POYi Flowchart

I’m often surprised and amused by how things link together when I’m looking at pages on the web, often finding things that link to posts I’ve made or thoughts I’ve had but not quite got around to writing about.

One of the latter was about another of those annual awards, POYi, (Pictures of the Year international) which is unusual in conducting its business in public, web-casting the judging with 99 on-line publicly open seats in a chatroom.  The judging is spread out over most of the month, and has now more or less ended – so you will need to wait until next year to take part.

The Photojournalism Contest entry flowchart  on the Shit Photojournalists Like blog has more than an element of truth in it, judging from the various shows and lists of winners I’ve seen over the years. Certainly they lead me to the conclusion I’ve always had about such competitions, “Save your entry fee and buy gear.”  They also link to the POYi Chat Room Heroes blog, though I think you have to have been their to get much out of that.

One photographer who gets a particular mention is Melissa Little, whose work was apparently “pulled in, kicked out, pulled in, then kicked out again.” I don’t know what she had in for POYi, but you can see some interesting work on her own web site, where I find that in 2001 she was a student at the Eddie Adams Workshop and “have been honored to return for the last seven years as staff, where I’ve done everything from mow the grass and rake the leaves to documenting everything in sight as workshop photographer to leading, finding stories and coaching a team of 10 students. ”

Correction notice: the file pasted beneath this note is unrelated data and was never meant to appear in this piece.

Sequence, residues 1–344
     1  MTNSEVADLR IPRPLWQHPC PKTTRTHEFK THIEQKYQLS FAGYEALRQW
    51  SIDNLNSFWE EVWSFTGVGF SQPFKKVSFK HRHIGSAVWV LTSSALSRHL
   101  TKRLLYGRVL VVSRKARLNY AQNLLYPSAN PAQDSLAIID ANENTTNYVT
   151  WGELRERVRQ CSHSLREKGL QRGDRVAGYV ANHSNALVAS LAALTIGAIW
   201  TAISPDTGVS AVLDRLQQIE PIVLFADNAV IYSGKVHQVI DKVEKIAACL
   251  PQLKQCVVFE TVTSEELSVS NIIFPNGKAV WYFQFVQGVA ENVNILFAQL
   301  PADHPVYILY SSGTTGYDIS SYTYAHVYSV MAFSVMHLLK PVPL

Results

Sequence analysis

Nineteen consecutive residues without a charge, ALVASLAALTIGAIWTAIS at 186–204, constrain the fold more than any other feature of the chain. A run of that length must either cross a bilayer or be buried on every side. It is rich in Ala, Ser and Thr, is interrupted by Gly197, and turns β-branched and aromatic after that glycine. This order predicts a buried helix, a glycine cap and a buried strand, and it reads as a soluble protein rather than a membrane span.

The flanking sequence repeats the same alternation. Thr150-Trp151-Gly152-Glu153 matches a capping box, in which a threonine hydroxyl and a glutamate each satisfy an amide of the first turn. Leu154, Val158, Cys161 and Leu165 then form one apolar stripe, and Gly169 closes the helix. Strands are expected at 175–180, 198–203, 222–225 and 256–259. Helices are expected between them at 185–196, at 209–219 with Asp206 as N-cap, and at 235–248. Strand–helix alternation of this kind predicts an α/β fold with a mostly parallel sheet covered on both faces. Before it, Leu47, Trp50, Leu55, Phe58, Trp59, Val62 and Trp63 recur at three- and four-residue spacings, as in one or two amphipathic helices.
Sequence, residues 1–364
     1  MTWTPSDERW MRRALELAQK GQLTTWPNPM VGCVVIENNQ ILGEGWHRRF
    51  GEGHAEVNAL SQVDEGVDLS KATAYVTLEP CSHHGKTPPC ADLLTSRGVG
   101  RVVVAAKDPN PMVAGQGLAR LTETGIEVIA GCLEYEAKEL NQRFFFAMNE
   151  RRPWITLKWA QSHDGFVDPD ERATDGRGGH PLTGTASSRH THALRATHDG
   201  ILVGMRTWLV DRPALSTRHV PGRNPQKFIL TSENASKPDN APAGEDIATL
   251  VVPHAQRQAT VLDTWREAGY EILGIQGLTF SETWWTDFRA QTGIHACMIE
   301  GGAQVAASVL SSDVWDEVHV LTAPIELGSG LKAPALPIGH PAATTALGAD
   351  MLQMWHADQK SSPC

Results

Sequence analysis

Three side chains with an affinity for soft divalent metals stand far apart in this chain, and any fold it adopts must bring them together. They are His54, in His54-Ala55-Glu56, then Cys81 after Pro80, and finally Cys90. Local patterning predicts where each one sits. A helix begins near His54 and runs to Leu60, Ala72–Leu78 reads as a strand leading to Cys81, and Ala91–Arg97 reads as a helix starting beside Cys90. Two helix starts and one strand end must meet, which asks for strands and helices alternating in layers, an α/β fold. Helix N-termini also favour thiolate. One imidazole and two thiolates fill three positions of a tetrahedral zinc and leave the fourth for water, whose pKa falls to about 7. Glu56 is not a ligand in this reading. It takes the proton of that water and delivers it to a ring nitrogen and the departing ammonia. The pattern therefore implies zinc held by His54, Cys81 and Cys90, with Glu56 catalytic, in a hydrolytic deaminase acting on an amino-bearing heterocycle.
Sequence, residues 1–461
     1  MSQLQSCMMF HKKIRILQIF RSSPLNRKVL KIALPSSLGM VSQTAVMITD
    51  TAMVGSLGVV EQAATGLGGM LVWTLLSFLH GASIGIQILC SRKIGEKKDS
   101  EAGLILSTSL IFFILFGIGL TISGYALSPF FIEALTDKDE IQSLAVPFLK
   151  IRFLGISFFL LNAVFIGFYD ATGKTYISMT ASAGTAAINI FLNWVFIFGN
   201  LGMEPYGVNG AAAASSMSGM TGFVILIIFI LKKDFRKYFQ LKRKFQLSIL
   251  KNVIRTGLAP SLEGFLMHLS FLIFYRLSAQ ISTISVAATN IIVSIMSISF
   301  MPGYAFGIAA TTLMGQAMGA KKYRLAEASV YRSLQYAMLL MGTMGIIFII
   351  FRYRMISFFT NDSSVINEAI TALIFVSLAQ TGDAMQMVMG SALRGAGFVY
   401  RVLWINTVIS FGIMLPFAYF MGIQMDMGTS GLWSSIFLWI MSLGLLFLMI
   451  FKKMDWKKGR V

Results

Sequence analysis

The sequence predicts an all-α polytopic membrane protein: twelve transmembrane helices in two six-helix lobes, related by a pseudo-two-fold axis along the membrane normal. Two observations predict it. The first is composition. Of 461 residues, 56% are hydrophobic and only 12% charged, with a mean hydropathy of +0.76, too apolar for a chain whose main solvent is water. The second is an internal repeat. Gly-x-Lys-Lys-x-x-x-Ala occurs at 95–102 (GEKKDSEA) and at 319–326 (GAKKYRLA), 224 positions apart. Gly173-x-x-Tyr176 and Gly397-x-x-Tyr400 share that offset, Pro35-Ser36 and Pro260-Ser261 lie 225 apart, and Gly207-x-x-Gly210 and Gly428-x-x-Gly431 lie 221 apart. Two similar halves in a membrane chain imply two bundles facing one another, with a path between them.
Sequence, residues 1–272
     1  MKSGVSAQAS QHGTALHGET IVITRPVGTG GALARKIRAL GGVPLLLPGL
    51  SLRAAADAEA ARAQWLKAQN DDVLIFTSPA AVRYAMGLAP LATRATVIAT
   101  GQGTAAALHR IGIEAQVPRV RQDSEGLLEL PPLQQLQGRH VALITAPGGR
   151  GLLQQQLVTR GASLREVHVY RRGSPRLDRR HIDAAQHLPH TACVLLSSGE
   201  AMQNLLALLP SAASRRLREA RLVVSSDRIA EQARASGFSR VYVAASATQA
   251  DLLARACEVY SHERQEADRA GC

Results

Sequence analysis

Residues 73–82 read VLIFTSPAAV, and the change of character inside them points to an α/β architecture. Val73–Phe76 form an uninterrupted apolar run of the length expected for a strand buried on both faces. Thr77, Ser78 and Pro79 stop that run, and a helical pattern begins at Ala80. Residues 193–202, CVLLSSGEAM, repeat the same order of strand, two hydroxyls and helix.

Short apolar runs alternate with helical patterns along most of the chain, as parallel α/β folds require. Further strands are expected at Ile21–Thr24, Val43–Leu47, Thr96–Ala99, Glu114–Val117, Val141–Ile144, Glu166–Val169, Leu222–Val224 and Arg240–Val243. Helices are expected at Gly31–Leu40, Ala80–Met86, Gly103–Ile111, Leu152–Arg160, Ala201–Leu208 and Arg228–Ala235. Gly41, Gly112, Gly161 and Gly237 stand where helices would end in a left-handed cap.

I’ve not yet looked at all the awards for POYi, but did enjoy looking through the results for the ‘News Picture Story – Newspaper’ class, where first place went to
Michael Robinson Chavez (Los Angeles Times) for DECONSTRUCTING MUBARAK, second to Mads Nissen (Berlingske / Panos Pictures) for pictures of the LIBYAN REVOLUTION, third to Hiroto Sekiguchi (Yomiuri Shimbun) for TSUNAMI AFTERMATH and the ‘Award of Excellence to Craig Walker (The Denver Post) for his pictures of OCCUPY DENVER. And I mention this not just because there are some fine pictures in these stories (which are always of more interest to me than the single picture awards) but because of the controversy I may have mentioned earlier over World Press Photo, when some judges anounced publicly that they had seen no pictures of the Occupy movement worthy of an award. I don’t know if Walker’s work went to WPP as well, but certainly some other very worthy images did.

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